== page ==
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Special Reprint  |   April 1994
Preparing the osteopathic academic health centers for healthcare reform
Article Information
Special Reprint   |   April 1994
Preparing the osteopathic academic health centers for healthcare reform
The Journal of the American Osteopathic Association, April 1994, Vol. 94, 320. doi:10.7556/jaoa.1994.94.4.320
The Journal of the American Osteopathic Association, April 1994, Vol. 94, 320. doi:10.7556/jaoa.1994.94.4.320
Abstract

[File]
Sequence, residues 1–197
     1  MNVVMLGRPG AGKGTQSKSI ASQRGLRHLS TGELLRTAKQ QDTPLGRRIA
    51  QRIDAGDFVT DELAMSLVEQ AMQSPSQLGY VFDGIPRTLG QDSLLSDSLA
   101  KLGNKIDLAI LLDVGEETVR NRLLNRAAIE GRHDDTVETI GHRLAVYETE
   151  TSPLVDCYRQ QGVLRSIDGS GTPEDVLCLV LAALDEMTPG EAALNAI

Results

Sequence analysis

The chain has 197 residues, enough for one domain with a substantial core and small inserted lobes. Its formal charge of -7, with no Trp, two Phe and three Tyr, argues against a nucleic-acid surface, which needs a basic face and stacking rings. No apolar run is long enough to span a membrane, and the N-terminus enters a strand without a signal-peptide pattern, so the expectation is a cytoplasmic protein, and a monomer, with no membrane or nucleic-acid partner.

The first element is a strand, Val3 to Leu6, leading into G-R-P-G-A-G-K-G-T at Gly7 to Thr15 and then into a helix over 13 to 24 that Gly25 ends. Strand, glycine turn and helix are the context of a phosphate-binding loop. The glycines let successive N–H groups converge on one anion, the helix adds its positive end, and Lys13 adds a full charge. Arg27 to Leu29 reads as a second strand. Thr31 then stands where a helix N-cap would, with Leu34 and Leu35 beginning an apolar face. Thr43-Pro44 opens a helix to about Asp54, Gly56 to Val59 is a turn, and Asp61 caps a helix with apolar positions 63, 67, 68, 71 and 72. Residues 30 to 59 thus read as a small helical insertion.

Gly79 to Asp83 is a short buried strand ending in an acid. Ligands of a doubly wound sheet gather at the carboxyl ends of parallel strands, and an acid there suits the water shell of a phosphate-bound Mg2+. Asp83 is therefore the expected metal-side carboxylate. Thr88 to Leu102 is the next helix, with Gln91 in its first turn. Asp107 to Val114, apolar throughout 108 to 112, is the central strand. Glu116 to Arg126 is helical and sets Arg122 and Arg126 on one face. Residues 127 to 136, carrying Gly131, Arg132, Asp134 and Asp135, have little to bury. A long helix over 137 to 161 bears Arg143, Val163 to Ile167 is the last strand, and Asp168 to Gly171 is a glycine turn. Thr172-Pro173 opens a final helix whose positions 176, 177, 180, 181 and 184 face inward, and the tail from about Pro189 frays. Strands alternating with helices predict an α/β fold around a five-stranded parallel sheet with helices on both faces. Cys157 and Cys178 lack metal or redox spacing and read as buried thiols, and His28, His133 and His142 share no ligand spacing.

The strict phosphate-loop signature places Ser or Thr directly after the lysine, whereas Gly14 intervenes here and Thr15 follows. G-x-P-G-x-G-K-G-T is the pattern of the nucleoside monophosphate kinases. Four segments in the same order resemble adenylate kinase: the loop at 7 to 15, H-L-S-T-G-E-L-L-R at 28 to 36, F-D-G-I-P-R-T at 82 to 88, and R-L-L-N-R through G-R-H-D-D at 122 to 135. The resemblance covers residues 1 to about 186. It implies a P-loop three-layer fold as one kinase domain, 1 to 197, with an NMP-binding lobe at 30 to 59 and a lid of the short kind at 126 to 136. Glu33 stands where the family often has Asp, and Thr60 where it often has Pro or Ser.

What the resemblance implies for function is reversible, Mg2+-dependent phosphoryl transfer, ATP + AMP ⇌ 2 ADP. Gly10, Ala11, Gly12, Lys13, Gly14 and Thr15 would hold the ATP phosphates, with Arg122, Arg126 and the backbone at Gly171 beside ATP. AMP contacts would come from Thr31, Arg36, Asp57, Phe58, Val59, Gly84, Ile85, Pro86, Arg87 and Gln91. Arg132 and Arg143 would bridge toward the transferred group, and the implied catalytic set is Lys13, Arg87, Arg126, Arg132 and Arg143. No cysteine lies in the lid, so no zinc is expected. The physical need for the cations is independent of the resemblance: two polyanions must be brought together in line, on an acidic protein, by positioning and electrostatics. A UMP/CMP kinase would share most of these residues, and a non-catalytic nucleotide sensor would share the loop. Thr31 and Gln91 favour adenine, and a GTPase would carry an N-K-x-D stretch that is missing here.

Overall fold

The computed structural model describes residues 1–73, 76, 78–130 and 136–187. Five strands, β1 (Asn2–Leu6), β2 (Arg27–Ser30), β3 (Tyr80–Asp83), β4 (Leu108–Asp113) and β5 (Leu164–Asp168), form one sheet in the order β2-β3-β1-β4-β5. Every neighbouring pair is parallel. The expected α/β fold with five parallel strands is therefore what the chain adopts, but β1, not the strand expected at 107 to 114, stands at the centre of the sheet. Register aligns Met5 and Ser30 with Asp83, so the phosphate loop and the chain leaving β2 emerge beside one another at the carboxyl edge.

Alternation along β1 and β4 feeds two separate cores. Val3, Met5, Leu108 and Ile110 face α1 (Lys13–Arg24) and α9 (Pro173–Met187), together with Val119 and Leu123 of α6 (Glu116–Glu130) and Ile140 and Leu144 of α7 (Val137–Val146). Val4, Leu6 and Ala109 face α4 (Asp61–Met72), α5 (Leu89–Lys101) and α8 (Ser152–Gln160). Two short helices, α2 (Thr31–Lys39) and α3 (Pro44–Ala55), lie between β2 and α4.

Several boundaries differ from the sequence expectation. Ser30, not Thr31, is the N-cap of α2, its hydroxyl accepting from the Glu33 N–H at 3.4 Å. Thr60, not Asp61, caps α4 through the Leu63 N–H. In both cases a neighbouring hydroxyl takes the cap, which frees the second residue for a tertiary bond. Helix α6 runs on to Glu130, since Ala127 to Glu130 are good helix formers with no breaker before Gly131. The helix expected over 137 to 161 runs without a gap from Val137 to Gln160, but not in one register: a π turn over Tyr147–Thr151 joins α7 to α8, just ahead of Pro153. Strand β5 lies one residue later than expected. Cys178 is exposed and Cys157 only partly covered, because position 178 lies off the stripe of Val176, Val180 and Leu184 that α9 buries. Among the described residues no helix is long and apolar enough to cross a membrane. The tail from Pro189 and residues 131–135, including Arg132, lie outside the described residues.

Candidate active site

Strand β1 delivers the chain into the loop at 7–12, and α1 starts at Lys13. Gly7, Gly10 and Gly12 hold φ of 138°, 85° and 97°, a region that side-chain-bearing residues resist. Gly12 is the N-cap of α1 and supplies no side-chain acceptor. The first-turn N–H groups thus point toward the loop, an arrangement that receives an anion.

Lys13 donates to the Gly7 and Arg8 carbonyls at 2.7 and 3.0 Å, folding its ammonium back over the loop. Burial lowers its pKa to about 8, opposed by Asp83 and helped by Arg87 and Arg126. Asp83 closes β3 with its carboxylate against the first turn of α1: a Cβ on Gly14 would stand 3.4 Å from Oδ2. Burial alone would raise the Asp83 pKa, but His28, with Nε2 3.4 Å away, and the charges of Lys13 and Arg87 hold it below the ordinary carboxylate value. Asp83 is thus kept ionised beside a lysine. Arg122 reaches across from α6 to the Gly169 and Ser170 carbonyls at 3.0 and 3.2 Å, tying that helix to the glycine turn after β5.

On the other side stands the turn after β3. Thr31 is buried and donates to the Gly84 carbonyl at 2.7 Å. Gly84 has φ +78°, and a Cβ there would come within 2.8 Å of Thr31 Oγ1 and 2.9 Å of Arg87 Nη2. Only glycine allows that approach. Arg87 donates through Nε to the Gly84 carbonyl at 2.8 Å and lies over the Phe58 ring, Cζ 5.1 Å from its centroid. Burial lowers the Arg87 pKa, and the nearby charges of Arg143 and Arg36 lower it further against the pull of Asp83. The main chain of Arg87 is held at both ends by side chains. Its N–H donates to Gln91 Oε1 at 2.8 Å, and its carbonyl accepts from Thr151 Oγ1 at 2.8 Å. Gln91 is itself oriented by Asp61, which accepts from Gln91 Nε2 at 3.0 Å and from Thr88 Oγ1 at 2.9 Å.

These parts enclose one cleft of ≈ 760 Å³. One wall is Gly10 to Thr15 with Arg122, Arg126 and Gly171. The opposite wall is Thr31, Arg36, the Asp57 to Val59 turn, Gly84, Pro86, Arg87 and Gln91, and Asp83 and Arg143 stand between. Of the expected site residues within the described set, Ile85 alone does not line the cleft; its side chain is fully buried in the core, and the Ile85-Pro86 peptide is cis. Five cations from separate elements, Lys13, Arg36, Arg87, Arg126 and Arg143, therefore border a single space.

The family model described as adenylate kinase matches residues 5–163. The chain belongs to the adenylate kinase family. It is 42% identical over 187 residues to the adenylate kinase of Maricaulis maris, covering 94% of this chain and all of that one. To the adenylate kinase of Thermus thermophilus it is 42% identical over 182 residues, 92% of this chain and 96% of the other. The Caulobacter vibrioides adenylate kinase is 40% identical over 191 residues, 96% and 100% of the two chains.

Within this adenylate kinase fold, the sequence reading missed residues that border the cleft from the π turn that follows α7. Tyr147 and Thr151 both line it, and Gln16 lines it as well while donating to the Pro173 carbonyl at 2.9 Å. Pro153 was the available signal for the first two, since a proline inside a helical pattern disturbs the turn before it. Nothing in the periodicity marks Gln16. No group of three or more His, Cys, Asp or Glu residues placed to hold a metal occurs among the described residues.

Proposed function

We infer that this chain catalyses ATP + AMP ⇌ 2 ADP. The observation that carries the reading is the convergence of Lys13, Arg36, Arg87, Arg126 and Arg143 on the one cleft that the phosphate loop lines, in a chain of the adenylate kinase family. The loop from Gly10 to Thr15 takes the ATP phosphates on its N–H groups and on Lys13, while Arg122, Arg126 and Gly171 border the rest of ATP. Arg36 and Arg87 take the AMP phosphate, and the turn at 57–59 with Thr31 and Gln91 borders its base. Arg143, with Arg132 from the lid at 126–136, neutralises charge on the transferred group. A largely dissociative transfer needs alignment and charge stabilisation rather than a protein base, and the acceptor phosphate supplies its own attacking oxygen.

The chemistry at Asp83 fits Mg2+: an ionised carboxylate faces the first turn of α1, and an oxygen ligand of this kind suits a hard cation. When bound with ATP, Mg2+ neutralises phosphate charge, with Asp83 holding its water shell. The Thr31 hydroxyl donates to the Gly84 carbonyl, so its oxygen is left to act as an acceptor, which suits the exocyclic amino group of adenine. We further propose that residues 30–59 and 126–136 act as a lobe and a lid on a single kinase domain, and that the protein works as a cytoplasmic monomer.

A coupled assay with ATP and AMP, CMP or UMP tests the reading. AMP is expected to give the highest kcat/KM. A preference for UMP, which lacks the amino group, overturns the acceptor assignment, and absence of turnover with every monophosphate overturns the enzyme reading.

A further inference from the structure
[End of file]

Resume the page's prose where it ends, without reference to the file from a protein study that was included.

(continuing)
Healthcare reform proposals introduced in the House and Senate, put forward by foundations, professional associations and study groups, all call for medical schools to train more generalists. As these agents make recommendations for change, they are studying the osteopathic medical education model with fresh interest because of its success in maintaining more than 60% of its graduates in primary care practice. Most students of reform place the blame for producing too many specialists and sub-specialists squarely on the academic health centers. The authors trace the development of academic health centers and compare and contrast the models developed in the osteopathic and allopathic medical settings. They enumerate the strengths in the osteopathic education model which have contributed to our favorable balance of generalists to specialists. However, they argue that specific changes in the osteopathic academic health center are essential if we are to retain leadership in generalist education under healthcare reform.